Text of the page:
We’ll look into how Jenkins and Node can help you get starting quickly. To enable continuous deployment depending on modifications to a GitHub repository, JavaScript can be made to cooperate.

So let’s choose the strategy here. We’re going to use a React JS repository that already exists from our well-liked “React From Scratch” workshop. Jenkins might create, deploy, and/or run the application in response to changes made to this repository. Due to Node.js’s nature, the build process will guarantee that the NPM modules are present.

We must have the most recent Node.js version installed because this pipeline uses Jenkins and Node.js. We also need Java installed since Jenkins is a Java application. Since my example application does not employ Nettyfy Technologies, anyone can utilise this instruction with ease.

Setting up Jenkins with the Required Plugins

Jenkins ought should have been downloaded by now. Get the WAR file from the Jenkins website now if you haven’t already.

Use your Command Prompt or Terminal to run the following command to launch Jenkins:

java -jar jenkins.war -httpPort=8080

By doing this, Jenkins will be reachable via a web browser at http://localhost:8080. You’ll enter a configuration wizard on the first launch.

The password that Jenkins creates will be requested on the first screen of this setting procedure. Locate it where it is indicated on the screen.

You can choose which plugins to install on the second screen.

We’re going to install the suggested plugins for the time being. Later on, we’ll instal other plugins.

We must create our first administrative user on the third screen. Although you are technically an administrator user with the generated password you are using, you might want to make a new one.

Jenkins is ready to use once you’ve created a user. However, another plugin will be required, and the one we use will depend on how we want to develop and deploy the Node.js application.

To view a list of administration options, select Manage Jenkins from the main Jenkins interface.

Managing the available plugins is what we are interested in. After selecting Manage Plugins, we want to look for and instal the PostBuildScript plugin.

After the build step is finished, we can run shell commands or scripts thanks to this plugin. We’ll build and deploy to the same host in this example, and we may execute all shell operations locally. You might want to utilise the SSH plugin to transfer the code to a remote server in a production setting so that it can be executed there.

Let’s build our Jenkins continuous deployment pipeline for Node.js using the available plugins.

Creating a Node.js Continuous Deployment Workflow in Jenkins

Just to be clear, our objective is to develop a workflow that will download a project from GitHub, instal all of its dependencies, and run it on a server—in this example, our local computer—to deploy it.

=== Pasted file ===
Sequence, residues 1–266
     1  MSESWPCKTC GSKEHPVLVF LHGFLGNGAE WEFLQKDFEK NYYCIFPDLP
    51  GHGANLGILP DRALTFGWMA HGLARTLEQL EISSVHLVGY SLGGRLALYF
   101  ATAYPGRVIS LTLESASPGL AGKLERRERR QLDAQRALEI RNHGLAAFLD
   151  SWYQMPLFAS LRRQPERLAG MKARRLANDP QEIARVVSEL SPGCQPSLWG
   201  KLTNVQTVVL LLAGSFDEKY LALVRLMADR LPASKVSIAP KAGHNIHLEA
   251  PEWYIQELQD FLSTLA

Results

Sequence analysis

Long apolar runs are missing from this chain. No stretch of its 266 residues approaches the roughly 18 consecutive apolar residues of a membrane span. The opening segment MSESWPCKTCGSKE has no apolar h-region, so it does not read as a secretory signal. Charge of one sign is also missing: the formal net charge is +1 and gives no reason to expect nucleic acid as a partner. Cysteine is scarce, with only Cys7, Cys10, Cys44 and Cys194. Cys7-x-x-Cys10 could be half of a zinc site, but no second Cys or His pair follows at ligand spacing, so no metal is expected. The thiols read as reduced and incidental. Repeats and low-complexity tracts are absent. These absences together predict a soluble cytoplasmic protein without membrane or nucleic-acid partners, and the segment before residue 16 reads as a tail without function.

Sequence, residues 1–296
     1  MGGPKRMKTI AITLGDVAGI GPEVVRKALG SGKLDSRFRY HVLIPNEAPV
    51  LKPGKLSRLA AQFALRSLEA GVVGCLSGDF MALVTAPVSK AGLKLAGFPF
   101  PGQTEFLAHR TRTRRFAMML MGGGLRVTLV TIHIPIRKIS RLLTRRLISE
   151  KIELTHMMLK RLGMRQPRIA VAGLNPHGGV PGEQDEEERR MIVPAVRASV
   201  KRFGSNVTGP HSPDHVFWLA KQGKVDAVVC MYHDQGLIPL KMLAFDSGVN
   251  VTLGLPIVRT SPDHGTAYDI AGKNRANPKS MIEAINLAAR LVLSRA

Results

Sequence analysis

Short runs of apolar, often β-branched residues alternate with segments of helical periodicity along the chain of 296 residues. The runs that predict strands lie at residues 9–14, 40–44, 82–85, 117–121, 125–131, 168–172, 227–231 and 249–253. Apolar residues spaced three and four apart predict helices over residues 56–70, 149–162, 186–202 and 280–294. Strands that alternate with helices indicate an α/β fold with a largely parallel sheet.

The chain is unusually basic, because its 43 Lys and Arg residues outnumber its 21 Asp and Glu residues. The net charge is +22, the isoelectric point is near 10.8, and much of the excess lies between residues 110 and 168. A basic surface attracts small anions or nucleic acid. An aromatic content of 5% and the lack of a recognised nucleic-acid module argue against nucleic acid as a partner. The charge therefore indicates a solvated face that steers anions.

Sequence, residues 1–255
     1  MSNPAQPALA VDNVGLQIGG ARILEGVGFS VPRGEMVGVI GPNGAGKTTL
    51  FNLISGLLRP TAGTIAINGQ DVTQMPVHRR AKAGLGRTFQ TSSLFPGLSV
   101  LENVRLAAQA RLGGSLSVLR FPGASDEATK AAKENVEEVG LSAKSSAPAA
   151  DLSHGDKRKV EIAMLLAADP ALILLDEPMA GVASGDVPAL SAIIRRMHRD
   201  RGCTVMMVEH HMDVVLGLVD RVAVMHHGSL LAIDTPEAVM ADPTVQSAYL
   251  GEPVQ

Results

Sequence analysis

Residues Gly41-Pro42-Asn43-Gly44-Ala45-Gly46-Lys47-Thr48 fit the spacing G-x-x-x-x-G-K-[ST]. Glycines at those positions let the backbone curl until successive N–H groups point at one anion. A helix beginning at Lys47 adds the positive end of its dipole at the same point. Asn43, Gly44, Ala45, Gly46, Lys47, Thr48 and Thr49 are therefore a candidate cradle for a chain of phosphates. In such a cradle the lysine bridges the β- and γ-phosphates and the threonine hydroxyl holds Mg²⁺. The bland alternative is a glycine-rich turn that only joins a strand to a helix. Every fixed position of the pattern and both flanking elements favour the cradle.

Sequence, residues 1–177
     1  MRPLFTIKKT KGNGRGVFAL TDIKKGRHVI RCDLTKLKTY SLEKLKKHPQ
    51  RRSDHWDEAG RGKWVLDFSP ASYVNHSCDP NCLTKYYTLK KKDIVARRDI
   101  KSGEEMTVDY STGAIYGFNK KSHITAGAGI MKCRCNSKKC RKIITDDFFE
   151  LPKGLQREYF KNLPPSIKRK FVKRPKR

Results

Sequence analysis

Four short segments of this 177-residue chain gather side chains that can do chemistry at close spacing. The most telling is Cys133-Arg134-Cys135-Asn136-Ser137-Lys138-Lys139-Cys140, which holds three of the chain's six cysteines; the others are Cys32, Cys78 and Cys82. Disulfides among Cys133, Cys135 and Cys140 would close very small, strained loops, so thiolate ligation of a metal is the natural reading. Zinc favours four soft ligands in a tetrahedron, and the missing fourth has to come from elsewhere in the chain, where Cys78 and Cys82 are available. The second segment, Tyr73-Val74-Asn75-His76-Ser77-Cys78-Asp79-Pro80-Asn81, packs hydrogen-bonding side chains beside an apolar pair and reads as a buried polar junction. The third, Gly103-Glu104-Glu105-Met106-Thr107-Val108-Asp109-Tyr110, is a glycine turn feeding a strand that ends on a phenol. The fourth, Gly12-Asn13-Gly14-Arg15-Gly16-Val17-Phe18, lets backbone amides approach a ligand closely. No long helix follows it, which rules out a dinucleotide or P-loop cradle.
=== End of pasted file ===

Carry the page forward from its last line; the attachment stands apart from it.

Create a new item, often referred to as a new task or workflow, to get things started.

A Freestyle Project will be developed. On the following screen, there are three tasks that must be completed.

Our workspace will have GitHub as its source. It can come from somewhere else in your own project, but we need to declare our source control information for this one. If your project doesn’t use the master branch, you can still choose the branch.

I already built and wrote about the GitHub project, as was already described. The project is available at:


Now that the job process is on localhost, GitHub won’t permit you to set up GitHub hooks to initiate it in a production environment. We’ll manually start the job in its place.

We must configure the build step after configuring the source control section. Building for Node.js merely entails installing dependencies, however unit testing or other tests might easily be included at this phase. The build step includes more in the Jenkins Java project. The only thing present in this Node.js example is what follows:

We can now specify what occurs after the project is completed.

In this instance, the application will be installed locally on our computer. In your production setting, this probably isn’t the case.

As a result, you’ll see that we have the following commands in our post-build step:

By selecting Build Now from the list of alternatives, try running the job. The project should be downloaded, installed, and made accessible at http://localhost:3000. Simply ensure that Couchbase Server is running for this project; otherwise, issues will occur.


You just learned how to use Jenkins to automatically deploy Node.js programs depending on changes posted to GitHub. If you’re a Java developer, you should take a look at Create a Continuous Deployment Pipeline with Jenkins and Java, which is a comparable approach made specifically for Java applications.

Are you interested in learning more about using Node.js with Nettyfy Technologies NoSQL? For additional information, visit Nettyfy Technologies’ website to hire Node.js developers.